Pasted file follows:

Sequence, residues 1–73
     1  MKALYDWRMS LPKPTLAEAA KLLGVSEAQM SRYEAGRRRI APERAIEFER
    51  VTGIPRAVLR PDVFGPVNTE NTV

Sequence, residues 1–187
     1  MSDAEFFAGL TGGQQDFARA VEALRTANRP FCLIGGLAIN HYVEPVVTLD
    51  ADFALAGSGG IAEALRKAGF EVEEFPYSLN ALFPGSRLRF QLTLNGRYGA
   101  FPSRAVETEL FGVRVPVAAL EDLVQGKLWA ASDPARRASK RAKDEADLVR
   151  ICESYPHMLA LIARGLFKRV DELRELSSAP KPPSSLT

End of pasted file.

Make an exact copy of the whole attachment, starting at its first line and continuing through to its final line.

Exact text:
Sequence, residues 1–73
     1  MKALYDWRMS LPKPTLAEAA KLLGVSEAQM SRYEAGRRRI APERAIEFER
    51  VTGIPRAVLR PDVFGPVNTE NTV

Sequence, residues 1–187
     1  MSDAEFFAGL TGGQQDFARA VEALRTANRP FCLIGGLAIN HYVEPVVTLD
    51  ADFALAGSGG IAEALRKAGF EVEEFPYSLN ALFPGSRLRF QLTLNGRYGA
   101  FPSRAVETEL FGVRVPVAAL EDLVQGKLWA ASDPARRASK RAKDEADLVR
   151  ICESYPHMLA LIARGLFKRV DELRELSSAP KPPSSLT